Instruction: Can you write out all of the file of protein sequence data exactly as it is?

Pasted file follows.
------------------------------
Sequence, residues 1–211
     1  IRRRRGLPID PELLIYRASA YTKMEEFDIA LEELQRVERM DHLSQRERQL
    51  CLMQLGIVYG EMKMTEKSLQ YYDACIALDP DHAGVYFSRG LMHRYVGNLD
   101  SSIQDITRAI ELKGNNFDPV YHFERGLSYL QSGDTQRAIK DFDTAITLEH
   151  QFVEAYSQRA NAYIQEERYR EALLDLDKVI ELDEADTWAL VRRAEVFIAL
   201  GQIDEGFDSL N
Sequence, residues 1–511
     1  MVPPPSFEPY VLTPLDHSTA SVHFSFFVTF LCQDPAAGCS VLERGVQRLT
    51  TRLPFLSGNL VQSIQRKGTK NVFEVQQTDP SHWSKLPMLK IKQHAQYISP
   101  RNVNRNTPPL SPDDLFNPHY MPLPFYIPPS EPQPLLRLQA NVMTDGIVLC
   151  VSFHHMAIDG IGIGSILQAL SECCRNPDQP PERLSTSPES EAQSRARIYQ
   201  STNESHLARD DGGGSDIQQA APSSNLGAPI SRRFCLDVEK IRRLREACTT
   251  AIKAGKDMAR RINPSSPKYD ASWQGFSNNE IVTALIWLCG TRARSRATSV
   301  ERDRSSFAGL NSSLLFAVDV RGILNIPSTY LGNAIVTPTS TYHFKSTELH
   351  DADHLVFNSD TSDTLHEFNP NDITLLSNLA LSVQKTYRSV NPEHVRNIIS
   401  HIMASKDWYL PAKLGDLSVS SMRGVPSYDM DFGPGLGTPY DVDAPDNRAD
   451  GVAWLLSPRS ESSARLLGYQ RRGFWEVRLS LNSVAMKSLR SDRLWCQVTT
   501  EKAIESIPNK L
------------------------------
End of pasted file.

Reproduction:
Sequence, residues 1–211
     1  IRRRRGLPID PELLIYRASA YTKMEEFDIA LEELQRVERM DHLSQRERQL
    51  CLMQLGIVYG EMKMTEKSLQ YYDACIALDP DHAGVYFSRG LMHRYVGNLD
   101  SSIQDITRAI ELKGNNFDPV YHFERGLSYL QSGDTQRAIK DFDTAITLEH
   151  QFVEAYSQRA NAYIQEERYR EALLDLDKVI ELDEADTWAL VRRAEVFIAL
   201  GQIDEGFDSL N
Sequence, residues 1–511
     1  MVPPPSFEPY VLTPLDHSTA SVHFSFFVTF LCQDPAAGCS VLERGVQRLT
    51  TRLPFLSGNL VQSIQRKGTK NVFEVQQTDP SHWSKLPMLK IKQHAQYISP
   101  RNVNRNTPPL SPDDLFNPHY MPLPFYIPPS EPQPLLRLQA NVMTDGIVLC
   151  VSFHHMAIDG IGIGSILQAL SECCRNPDQP PERLSTSPES EAQSRARIYQ
   201  STNESHLARD DGGGSDIQQA APSSNLGAPI SRRFCLDVEK IRRLREACTT
   251  AIKAGKDMAR RINPSSPKYD ASWQGFSNNE IVTALIWLCG TRARSRATSV
   301  ERDRSSFAGL NSSLLFAVDV RGILNIPSTY LGNAIVTPTS TYHFKSTELH
   351  DADHLVFNSD TSDTLHEFNP NDITLLSNLA LSVQKTYRSV NPEHVRNIIS
   401  HIMASKDWYL PAKLGDLSVS SMRGVPSYDM DFGPGLGTPY DVDAPDNRAD
   451  GVAWLLSPRS ESSARLLGYQ RRGFWEVRLS LNSVAMKSLR SDRLWCQVTT
   501  EKAIESIPNK L